Again to give Atlantis the benefit of the doubt, lets assume their VSA uses zero resources and see if we have enough compute available for the 20,000 users they tested in the real world.

The first issue is the Exchange 2013 Server Role Requirements Calculator reports the following error:


I solved this by adding a fourth server to the sizing since I’m a nice guy.

The second issue is the Exchange 2013 Server Role Requirements Calculator reports the following error (even with the fourth server being added).


Ok, not the end of the world I guess, Oh wait… then comes the third issue:


Each of the four mailbox servers vastly exceed the recommended maximums for Exchange 2013 servers (physical or virtual) being 20vCPUs and 96GB RAM.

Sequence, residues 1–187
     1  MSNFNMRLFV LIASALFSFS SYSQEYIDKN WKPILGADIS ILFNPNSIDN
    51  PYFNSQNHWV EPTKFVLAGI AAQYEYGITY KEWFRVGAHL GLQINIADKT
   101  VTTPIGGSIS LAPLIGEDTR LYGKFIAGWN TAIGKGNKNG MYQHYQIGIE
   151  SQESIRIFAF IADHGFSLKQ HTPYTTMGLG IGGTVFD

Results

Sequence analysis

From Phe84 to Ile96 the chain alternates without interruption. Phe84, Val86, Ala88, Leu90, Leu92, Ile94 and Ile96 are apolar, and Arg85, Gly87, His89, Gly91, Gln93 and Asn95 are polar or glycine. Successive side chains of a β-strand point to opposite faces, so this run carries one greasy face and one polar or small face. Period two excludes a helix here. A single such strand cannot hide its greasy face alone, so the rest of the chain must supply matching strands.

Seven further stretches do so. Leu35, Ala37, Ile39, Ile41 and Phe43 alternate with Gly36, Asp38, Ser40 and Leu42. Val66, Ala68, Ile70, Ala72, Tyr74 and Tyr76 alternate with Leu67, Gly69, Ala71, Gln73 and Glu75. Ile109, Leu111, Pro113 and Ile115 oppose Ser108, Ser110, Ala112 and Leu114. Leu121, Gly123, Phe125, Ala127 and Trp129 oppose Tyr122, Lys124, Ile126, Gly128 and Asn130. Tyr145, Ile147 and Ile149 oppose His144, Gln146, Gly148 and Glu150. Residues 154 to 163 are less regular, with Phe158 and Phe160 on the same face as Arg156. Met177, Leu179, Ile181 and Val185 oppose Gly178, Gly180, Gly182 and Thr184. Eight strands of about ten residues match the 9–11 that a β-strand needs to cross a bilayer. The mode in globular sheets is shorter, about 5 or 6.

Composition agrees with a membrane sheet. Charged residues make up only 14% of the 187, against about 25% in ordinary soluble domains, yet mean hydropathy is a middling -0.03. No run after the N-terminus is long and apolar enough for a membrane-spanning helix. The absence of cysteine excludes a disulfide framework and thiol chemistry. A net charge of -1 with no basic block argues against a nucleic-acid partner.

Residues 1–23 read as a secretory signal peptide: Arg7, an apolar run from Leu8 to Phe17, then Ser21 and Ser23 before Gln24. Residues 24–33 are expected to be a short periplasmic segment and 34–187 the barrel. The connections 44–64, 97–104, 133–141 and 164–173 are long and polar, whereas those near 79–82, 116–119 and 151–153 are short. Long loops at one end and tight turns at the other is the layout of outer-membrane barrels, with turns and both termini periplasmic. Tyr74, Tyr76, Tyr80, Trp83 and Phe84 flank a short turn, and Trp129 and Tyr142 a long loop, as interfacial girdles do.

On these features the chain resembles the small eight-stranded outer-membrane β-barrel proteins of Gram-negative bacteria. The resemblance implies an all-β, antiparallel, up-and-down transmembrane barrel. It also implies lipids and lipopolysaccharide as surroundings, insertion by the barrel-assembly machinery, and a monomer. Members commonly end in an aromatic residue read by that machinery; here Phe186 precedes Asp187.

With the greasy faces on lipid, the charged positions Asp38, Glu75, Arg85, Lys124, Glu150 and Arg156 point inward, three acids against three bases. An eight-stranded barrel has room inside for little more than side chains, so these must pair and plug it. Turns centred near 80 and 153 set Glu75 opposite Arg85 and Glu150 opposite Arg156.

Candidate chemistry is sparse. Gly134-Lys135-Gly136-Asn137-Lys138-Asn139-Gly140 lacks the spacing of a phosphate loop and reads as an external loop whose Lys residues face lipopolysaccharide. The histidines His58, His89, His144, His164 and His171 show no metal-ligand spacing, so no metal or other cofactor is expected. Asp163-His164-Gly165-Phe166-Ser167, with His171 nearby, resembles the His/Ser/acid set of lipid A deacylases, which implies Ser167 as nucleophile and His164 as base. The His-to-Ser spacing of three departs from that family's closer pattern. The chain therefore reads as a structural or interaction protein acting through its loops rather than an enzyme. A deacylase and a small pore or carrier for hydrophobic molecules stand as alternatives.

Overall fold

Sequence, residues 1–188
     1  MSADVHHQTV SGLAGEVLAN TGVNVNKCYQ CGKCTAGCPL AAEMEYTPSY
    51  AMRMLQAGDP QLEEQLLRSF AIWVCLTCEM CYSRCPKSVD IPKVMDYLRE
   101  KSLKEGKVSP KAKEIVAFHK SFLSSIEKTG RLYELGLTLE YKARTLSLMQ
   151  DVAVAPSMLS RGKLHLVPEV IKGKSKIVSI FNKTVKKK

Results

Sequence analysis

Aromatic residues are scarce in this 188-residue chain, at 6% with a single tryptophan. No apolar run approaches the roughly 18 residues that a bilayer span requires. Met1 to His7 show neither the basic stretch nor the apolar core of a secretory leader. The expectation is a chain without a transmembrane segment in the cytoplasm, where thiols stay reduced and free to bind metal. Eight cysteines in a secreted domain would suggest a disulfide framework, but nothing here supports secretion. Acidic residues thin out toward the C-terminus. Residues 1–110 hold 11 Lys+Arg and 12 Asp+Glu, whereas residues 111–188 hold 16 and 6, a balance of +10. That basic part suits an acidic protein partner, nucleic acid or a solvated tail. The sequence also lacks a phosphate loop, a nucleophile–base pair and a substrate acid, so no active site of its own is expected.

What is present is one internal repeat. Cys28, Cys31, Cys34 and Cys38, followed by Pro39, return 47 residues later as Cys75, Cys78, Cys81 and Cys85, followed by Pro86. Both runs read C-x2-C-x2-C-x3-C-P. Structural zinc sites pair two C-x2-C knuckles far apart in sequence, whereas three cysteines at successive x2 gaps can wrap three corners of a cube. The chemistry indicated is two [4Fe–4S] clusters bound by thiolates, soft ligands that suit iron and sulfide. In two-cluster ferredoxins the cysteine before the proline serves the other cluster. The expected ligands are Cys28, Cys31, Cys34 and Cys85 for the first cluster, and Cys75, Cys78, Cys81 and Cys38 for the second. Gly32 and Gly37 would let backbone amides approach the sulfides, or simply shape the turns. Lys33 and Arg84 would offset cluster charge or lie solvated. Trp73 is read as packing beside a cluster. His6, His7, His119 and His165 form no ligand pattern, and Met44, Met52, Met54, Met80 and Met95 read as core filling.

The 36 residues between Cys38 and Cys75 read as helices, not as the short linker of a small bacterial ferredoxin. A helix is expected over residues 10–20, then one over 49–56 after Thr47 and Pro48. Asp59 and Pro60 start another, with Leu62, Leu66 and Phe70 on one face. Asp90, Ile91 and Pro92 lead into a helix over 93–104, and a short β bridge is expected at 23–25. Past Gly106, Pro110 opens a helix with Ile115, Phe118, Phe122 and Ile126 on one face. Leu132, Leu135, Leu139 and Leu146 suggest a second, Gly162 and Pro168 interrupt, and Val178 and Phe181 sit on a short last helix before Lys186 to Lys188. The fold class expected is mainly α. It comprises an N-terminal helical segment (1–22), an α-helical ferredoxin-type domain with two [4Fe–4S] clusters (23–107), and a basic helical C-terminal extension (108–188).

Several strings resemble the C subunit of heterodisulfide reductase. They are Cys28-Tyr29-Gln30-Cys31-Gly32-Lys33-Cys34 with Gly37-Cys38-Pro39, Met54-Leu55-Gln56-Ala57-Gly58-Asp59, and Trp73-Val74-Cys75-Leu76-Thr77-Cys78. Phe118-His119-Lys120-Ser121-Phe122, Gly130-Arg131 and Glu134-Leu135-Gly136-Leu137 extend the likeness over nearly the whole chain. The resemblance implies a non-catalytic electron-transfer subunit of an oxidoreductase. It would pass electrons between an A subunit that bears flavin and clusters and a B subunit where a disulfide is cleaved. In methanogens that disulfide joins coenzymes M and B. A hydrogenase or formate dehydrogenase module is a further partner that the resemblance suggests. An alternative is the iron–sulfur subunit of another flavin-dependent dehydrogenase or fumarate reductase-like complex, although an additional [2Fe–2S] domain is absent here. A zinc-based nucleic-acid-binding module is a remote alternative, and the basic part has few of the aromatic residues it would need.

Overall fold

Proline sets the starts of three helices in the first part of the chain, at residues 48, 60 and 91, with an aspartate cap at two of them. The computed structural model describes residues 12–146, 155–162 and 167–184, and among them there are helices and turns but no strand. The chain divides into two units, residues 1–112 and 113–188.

Reference: Exchange 2013 Sizing and Configuration Recommendations

The below is a screenshot from the above link highlighting the recommendation from MS as at the time/date this article was published. (Friday 25th 2015 AEST)


In fact, they exceed the resources of the tested equipment as well. The testing was performed on Atlantis HyperScale CX-12 systems which have only 256GB RAM each  384GB each.

The below is from page 6 of the Atlantis document:

We performed our testing remotely on a HyperScale CX-12 system, with 256GB of RAM per node, in Atlantis’ quality-control lab.

Update: The solution has 384Gb RAM, which is still insufficient for the number of users and messages per day in the real world.